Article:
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Iraq's Sunni Reawakening

How to Defeat ISIS and Save the Country

A Shia fighter gestures in front of a billboard on a street in the town of al-Alam, March 9, 2015. Thaier al-Sudani / Courtesy Reuters

In early March, Baghdad started a push to retake the historic city of Tikrit, located in the center of the so-called Sunni triangle, from the Islamic State of Iraq and al-Sham (ISIS). This is a critical first offensive in what will be a larger campaign to wrest territorial control of the Sunni heartland—the Anbar and nearby Nineveh provinces—from ISIS. Some Americans must be feeling a sense of déjà vu; the U.S. military tried something similar as part of the 2006­–07 Arab Sunni Awakening. Then, as now, counterterrorism operations combined with efforts to win Sunni hearts and minds required the tough, tedious work of offering the right guarantees and incentives to “flip” key leaders of the Iraqi Sunni tribal region away from the terrorists in their midst.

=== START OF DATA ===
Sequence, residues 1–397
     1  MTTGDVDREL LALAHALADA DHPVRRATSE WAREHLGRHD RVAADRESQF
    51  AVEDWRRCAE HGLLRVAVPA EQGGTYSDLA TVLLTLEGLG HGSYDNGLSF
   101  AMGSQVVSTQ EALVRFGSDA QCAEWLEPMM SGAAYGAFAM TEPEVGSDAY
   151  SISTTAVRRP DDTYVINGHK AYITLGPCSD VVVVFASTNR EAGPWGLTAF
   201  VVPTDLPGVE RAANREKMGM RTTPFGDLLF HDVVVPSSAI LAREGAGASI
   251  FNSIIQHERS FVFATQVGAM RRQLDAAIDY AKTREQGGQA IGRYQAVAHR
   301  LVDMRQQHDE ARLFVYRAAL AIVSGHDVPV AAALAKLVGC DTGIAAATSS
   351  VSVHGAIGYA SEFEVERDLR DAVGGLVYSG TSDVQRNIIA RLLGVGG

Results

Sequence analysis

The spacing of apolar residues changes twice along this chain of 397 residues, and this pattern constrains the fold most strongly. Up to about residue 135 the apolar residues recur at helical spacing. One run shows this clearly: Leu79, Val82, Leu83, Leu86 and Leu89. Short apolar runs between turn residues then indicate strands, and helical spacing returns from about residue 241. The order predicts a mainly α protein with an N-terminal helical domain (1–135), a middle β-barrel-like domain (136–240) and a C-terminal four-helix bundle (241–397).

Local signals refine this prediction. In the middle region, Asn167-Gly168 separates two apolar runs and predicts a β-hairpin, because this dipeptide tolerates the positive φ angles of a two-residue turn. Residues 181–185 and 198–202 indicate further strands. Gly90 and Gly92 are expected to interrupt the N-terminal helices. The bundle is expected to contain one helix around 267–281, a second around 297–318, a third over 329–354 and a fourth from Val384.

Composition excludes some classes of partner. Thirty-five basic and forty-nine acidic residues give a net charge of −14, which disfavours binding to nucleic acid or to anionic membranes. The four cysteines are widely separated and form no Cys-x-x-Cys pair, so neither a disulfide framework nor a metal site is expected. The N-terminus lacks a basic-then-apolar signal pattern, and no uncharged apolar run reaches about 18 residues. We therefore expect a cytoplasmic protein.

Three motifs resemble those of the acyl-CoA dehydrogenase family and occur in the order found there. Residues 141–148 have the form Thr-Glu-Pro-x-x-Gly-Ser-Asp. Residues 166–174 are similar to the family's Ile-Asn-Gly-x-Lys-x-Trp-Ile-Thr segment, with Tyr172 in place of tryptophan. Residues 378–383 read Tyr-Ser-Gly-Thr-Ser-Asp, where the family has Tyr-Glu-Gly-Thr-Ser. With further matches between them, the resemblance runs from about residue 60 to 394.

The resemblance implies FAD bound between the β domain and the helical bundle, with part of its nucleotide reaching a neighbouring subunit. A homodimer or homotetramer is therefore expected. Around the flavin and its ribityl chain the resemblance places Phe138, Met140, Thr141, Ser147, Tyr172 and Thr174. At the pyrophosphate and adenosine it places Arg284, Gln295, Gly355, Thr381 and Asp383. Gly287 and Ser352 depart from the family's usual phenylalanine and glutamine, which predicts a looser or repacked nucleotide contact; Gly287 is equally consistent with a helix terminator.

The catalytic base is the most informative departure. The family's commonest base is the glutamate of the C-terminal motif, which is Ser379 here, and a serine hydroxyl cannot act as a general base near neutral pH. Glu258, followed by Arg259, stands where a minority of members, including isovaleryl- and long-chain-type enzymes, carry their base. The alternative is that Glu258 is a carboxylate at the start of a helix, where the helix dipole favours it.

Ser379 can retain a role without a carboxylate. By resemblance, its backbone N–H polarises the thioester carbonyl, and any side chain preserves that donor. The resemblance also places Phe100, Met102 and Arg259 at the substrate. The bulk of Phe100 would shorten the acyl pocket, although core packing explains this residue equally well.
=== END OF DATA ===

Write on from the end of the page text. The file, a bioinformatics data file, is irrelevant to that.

Still, it would be foolish to assume that Iraqi’s Sunni tribal terrain has remained unchanged since the United States helped

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